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Anglian Water slapped with £2.6m fine for discharging sewage in the North Sea

The Environment Agency officers uncovered Anglian Water's monthly discharge of waste water equivalent to three Olympic swimming pools into the North Sea

Anglian Water has been fined a sum of £2.65 million by the Environment Agency (EA) for allowing untreated sewage to overflow into the North Sea.

The prosecution of the company followed a series of failures in managing and monitoring effluent at the Jaywick Water Recycling Centre in Essex.

The lack of management and alarm system for the discharges, which occurred after Anglian Water decommissioned a piece of equipment, led to untreated sewage being released into the sea.

The EA’s investigation in 2018 revealed that the monthly discharges were equivalent to more than three Olympic-sized swimming pools.

The financial penalty, which includes prosecution costs and a victim surcharge, marks the largest-ever fine imposed for environmental offences in the region,

The Jaywick Water Recycling Centre had an EA permit, which only allowed discharges during storm conditions.

However, Anglian Water’s failure to act on available data that would have alerted it to the issue has been criticised by the court.

District Judge King remarked that “more could and should have been done” to prevent this pollution and that the company had a clear pattern of not responding adequately to previous penalties.

Alan Lovell, Chair of the EA, stated that the agency’s officers were pivotal in exposing the extent of the discharges and ensuring that Anglian Water pays for its pollution.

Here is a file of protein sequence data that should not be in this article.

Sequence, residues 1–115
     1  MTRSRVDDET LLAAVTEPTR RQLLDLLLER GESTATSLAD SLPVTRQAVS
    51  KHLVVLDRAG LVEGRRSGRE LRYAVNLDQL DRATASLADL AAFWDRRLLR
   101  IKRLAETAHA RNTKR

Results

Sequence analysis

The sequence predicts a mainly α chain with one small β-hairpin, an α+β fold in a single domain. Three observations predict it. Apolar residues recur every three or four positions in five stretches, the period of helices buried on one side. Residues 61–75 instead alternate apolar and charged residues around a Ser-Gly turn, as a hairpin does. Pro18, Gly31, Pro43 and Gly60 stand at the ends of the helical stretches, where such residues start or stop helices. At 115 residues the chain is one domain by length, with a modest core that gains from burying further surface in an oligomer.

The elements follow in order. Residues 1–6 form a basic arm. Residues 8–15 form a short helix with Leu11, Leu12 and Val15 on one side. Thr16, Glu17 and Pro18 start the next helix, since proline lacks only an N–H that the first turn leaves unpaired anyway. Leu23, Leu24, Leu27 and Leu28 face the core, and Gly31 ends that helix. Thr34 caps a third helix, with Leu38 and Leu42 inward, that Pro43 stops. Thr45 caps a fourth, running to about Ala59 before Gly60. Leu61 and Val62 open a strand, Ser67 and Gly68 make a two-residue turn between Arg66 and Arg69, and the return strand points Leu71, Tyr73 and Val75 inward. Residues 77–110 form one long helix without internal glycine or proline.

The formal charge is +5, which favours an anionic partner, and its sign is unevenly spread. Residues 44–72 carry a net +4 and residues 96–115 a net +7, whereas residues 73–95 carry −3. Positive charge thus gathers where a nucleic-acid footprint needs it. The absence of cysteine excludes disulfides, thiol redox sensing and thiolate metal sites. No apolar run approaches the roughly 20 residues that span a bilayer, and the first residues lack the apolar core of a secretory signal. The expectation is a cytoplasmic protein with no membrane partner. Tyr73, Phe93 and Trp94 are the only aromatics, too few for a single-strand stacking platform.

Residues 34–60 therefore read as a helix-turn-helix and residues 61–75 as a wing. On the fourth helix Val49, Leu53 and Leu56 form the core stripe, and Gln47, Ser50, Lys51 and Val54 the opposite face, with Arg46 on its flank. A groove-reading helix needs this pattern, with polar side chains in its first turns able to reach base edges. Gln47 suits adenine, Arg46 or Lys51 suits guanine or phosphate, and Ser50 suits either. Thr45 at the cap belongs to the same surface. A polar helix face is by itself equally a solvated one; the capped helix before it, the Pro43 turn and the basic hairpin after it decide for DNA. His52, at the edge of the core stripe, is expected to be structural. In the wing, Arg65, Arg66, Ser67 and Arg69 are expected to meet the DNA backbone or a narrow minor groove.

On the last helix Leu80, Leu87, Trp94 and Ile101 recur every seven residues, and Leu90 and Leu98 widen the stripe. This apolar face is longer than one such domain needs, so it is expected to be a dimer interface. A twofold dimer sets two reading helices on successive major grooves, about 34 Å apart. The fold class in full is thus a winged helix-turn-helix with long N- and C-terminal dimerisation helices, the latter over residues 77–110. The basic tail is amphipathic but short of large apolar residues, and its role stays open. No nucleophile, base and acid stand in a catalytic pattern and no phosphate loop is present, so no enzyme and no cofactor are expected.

He emphasised that the EA will not hesitate to pursue any water company that fails to uphold the law or protect nature and will continue to push for the strongest possible penalties.

The water minister, Rebecca Pow, declared that water companies must not profit from environmental damage and all fines will be paid into the Water Restoration Fund to improve the natural environment and water quality.

An Anglian Water spokesperson told ELN: “We apologise wholeheartedly for this incident. We’re very clear that one spill is one too many and we are constantly striving to improve our systems to predict, mitigate and, where possible, eliminate events like these from happening.

“On this occasion, the judge found that there was no harmful impact on the environment, so we are disappointed and confused about the level of the fine and the way it was derived.

“There is no place for spills but fines should be proportionate to the environmental impact. On this occasion, the judge agreed that there was none.”

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